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In one example of the application of ZFNs to crop breeding, the endogenous maize gene ZmIPK1 was disrupted by insertion of PAT gene cassettes, and this resulted in herbicide tolerance and alteration of the inositol phosphate profile of developing maize seeds [ 14 ]. As a proven technology, ZFN-mediated targeted transgene integration was also used for trait stacking in maize, that is for assembling a number of useful traits together to create an even greater potential for crop improvement [ 15 ].

Later, Cantos et al. Nevertheless, the design of ZFNs remains a complicated and technically challenging process, and one that often has low efficacy. However, each individual TALE repeat targets a single nucleotide, allowing for more flexible target design and increasing the number of potential target sites relative to those that can be targeted by ZFNs. Genome editing by TALENs has been demonstrated in a wide variety of plants including Arabidopsis , Nicotiana , Brachypodium , barley, potato, tomato, sugarcane, flax, rapeseed, soybean, rice, maize, and wheat reviewed in [ 12 , 13 ].

The first application of TALEN-mediated genome editing in crop improvement was in rice, where the bacterial blight susceptibility gene OsSWEET14 was disrupted and the resulting mutant rice were found to be resistant to bacterial blight [ 18 ]. By knocking out the maize GL2 gene, Char et al.

Paolo Ranalli (Author of Improvement of Crop Plants for Industrial End Uses)

In sugarcane, cell wall composition and saccharification efficiency have been improved by TALEN-mediated mutagenesis [ 21 , 22 ]. TALENs can be used to modify the nutritional profiles of crops: soybeans with high oleic acid and low linoleic acid contents were generated by disrupting fatty acid desaturase FAD genes, thus improving the shelf life and heat stability of soybean oil [ 23 , 24 ].

In potato tubers, the accumulation of reducing sugars during cold storage influences the quality of the product, and knocking out the vacuolar invertase VInv gene resulted in tubers that had undetectable levels of problematic reducing sugars [ 25 ]. In addition, the production of haploid plants that inherit chromosomes from only one parent can greatly accelerate plant breeding.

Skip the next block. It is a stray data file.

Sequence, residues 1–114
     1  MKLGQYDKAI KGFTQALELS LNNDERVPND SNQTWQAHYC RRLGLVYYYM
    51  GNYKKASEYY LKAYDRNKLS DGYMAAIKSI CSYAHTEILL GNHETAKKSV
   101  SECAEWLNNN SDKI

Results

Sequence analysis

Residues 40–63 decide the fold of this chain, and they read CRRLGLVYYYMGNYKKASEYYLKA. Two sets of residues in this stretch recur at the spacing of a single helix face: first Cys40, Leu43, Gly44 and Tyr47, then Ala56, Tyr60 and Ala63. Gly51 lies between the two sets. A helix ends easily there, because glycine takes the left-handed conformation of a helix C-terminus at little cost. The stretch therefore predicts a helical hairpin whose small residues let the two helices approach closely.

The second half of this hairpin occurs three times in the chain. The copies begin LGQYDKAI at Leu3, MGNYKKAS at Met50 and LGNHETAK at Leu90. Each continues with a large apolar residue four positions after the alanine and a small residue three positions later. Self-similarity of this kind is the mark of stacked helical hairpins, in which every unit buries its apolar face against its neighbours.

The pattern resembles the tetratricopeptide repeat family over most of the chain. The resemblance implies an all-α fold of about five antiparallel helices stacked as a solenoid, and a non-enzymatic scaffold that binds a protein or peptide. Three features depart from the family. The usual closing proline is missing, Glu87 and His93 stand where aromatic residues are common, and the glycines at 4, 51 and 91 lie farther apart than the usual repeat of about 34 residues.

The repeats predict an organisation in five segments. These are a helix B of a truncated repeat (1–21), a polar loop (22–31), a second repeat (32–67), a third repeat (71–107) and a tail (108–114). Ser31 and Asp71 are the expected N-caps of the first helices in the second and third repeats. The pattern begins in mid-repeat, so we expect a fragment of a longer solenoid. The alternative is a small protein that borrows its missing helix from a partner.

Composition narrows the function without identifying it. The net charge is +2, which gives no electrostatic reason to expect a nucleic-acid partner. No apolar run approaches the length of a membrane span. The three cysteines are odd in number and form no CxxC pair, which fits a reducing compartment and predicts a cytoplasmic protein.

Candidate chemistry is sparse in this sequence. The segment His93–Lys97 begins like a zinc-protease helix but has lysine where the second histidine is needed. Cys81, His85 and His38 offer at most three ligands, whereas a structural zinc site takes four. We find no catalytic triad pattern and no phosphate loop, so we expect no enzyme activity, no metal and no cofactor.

Crop improvement by TALEN-mediated gene insertion is well exemplified in the tomato, where incorporating TALENs and donor DNA into geminivirus replicons significantly increased their copy number and hence the efficiency of homologous recombination [ 29 ]; a strong promoter was inserted upstream of the gene controlling anthocyanin biosynthesis, and purple tomatoes with high anthocyanin levels were obtained [ 29 ]. To date, many crops such as rice, maize, wheat, soybean, barley, sorghum, potato, tomato, flax, rapeseed, Camelina , cotton, cucumber, lettuce, grapes, grapefruit, apple, oranges, and watermelon have been edited by this technique reviewed in [ 37 , 38 ].

The most frequent application has been in the production of null alleles, or gene knockouts, predominantly achieved by the introduction of small indels that result in frame-shift mutations or by introducing premature stop codons Fig. Yield is a major concern in crop breeding. Li et al. Grain Weight 2 GW2 is a key gene in cereal crops, which when disrupted increases grain weight and protein content in wheat [ 41 ].

In rice, Sun et al. In the absence of GBSS expression in the endosperm, amylose was not synthesized, and this created a high amylopectin waxy maize with improved digestibility and the potential for bio-industrial applications [ 44 ]. The release of commercial hybrids with this trait is planned for The same gene has also been targeted in the potato by researchers at the Swedish Agricultural University to produce waxy potatoes, with improved cultivars aimed predominantly at the industrial starch market to be released in the next few years [ 45 ]. The technology also has been used to improve resistance to biotic stresses.